JAPAN - The government plans to discuss with the United States how the nations' bilateral alliance should be reshaped if Japan changes its interpretation of the Constitution concerning the nation's right to collective self-defence, according to sources.
The issue will be discussed in parallel with the revision of the Guidelines for Japan-US Defence Cooperation, both of which are aimed at strengthening the Japan-US alliance.
In particular, the government wants to sound out Washington on whether the new guidelines should stipulate an expansion of Self-Defence Forces' activities, such as having the SDF repel potential armed attacks on US vessels during joint exercises and other cooperative activities. This would be possible if Japan were allowed to exercise its right to collective self-defence.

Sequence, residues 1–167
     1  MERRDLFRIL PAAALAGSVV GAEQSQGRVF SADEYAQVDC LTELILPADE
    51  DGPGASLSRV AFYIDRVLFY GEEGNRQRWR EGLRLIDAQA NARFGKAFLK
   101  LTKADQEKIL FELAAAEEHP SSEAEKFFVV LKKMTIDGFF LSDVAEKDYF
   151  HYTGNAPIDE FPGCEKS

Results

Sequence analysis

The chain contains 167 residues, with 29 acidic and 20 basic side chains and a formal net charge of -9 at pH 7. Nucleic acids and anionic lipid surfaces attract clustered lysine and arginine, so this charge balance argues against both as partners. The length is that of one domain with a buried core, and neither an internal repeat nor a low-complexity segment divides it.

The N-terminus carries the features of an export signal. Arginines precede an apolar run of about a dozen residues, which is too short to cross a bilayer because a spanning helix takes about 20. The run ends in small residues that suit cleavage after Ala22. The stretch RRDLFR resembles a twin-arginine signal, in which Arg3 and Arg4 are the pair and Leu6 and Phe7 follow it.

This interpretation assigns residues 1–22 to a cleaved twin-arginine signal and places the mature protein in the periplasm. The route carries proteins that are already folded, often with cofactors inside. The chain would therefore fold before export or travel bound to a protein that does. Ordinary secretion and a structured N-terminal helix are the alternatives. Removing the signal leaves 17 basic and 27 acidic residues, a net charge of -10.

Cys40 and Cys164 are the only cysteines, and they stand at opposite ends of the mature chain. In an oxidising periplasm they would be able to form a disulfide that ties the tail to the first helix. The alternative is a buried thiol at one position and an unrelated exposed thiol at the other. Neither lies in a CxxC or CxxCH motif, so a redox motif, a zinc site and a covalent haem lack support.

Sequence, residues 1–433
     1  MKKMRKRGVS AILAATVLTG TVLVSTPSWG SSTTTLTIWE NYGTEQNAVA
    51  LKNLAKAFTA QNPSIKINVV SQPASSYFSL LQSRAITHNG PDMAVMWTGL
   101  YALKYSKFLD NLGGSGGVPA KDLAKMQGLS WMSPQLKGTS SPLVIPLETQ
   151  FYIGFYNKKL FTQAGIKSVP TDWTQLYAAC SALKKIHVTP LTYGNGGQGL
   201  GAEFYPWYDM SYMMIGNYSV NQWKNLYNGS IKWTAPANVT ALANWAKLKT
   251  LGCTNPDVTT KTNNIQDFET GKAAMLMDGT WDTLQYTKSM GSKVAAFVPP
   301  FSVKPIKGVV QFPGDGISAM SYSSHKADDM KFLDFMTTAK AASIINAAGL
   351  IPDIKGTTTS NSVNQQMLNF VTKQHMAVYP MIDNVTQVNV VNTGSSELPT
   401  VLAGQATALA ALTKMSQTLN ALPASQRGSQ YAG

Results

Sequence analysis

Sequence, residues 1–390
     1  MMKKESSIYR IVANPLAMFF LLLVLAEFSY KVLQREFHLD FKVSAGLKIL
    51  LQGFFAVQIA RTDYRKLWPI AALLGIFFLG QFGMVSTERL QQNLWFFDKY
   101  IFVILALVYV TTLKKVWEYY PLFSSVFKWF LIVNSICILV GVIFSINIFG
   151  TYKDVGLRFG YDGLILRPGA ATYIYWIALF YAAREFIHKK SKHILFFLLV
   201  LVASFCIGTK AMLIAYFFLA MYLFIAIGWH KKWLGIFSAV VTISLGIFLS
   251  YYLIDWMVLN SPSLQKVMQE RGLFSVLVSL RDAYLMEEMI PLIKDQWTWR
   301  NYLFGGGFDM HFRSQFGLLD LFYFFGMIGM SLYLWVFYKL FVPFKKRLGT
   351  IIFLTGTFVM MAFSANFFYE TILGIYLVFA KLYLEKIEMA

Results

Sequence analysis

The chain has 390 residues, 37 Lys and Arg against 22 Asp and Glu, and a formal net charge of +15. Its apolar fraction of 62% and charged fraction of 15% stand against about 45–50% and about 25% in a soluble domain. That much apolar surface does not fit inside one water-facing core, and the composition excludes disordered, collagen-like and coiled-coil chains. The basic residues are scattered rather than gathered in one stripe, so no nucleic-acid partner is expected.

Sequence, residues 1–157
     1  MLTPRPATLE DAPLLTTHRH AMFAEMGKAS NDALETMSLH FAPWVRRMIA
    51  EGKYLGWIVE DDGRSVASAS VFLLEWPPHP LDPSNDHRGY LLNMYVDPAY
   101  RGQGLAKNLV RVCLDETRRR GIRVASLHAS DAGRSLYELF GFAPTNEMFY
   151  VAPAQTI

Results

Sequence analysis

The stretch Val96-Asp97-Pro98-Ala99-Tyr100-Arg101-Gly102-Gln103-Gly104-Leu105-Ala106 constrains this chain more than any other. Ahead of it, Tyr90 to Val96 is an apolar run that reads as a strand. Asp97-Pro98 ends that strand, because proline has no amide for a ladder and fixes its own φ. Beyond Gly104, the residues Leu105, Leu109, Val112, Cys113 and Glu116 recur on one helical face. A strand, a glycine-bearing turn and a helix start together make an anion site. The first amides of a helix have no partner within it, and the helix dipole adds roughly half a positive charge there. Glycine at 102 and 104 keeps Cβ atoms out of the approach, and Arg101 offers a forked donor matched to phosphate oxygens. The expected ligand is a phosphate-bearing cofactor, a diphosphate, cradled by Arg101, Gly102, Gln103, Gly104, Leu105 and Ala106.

Tokyo and Washington are scheduled to begin discussions on revising the defence cooperation guidelines Thursday at the Defence Ministry in Tokyo. Division chief-level officials will take part in the talks.
The two governments will discuss revising the guidelines with China's military buildup in mind. The discussions are expected to take at least a year, about the same time it took to draw up the latest version of the guidelines in 1997.
Past Japanese administrations have interpreted the Constitution as allowing the right to collective self-defence, but prohibiting the nation from exercising it.